On the face of it, the split-vote decision by the Falls Church City Council Monday to delay a sorely-needed water rate increase was a bad move. The vote delays the rate hike pending either an concurrence from the Fairfax Water System or a decree from the Fairfax Circuit Court that Falls Church is within its legal rights to increase its rates.
As Vice Mayor David Snyder and Council member Lawrence Webb pointed out Monday, being the only votes against the proposal, it is crystal clear that there is no prohibition against the City charging the rates required to maintain its water system. There was no reference to the matter in Judge Ney’s January 2009 ruling that ordered the City to no longer take a “return on investment” transfer from its water fund to its general fund.
So, we are baffled why Mayor Nader Baroukh and two others would vote to delay the rate increase, denying the City’s system the benefit of having the new rate in place by August, the one month of the year when revenues from water use is at its highest. The delay, itself, will place a further burden on the water system, and its users, to pay even more still for the maintenance and improvements the system needs.
The move only places the Falls Church system in harm’s way of another bad decision by the Fairfax Court. Why would the City subject itself to the potential of another wrong decision, when there is apparently no grounds for it, whatsoever?
In this case, if the court were somehow to find a pretext to deny Falls Church the right to charge for its water service what it takes to operate it (and we’re not saying it will, since we can’t imagine how it could), then there seems to be no way that Falls Church could continue to operate the system at all.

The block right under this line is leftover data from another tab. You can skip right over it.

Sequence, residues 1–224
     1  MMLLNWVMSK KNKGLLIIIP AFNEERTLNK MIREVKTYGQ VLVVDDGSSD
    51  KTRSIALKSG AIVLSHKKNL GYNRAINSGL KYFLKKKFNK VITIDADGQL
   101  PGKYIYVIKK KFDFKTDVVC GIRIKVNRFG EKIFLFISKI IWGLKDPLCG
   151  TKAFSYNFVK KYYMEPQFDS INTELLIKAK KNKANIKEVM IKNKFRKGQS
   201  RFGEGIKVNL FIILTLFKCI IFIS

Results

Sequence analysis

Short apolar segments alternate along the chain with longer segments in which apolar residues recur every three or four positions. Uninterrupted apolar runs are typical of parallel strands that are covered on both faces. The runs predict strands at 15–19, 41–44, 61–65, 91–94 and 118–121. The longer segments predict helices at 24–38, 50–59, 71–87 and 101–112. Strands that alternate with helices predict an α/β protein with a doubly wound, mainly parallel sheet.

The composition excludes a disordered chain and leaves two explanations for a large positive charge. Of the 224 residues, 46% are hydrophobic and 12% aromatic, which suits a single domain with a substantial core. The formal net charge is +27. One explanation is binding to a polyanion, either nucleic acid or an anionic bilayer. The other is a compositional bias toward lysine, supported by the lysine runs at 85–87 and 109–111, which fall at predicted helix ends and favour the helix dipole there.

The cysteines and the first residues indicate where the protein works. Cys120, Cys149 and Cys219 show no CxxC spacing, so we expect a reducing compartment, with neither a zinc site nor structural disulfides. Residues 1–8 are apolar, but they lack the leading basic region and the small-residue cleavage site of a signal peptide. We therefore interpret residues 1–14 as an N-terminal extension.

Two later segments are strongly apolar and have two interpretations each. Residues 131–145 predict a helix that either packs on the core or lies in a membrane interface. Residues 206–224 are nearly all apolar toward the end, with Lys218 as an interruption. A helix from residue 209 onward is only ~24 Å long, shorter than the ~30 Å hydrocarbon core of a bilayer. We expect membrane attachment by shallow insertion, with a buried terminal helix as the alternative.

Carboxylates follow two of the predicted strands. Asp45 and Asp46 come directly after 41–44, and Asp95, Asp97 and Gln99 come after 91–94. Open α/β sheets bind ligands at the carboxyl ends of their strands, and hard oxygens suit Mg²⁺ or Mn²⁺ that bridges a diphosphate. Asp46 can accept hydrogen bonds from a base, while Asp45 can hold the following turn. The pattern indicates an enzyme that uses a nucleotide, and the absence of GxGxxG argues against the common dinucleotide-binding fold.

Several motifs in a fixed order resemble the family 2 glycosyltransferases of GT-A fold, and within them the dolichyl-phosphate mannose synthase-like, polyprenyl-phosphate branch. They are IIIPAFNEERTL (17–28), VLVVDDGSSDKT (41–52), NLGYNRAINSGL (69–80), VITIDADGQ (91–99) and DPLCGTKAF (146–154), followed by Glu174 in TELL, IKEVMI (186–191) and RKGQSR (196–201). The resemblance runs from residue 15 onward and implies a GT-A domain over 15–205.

Now, here’s the rub: that outcome is exactly what a lot of very powerful people in Fairfax County want.
It has always been our view that certain interests in Fairfax, and we’re not sure exactly who, covet greatly the ability to get their ham-hands on the Falls Church system. And while there may be some noisy citizen-users of the system in Fairfax County who think the City should cough it up because of high rates, they in fact hardly stand to gain from such a move. While Falls Church rates may be higher than Fairfax’s now, that will quickly change if they get what they now think they want.
They fail to see, for example, that if the county, or a private entity, operated the system, they could legally hit customers for a very handsome “return on investment” surcharge since the system would be within their jurisdiction.
It is some very big, powerful interests who are behind the push for this outcome, ultimately to the detriment of all water users, residential and commercial alike, in the entire region.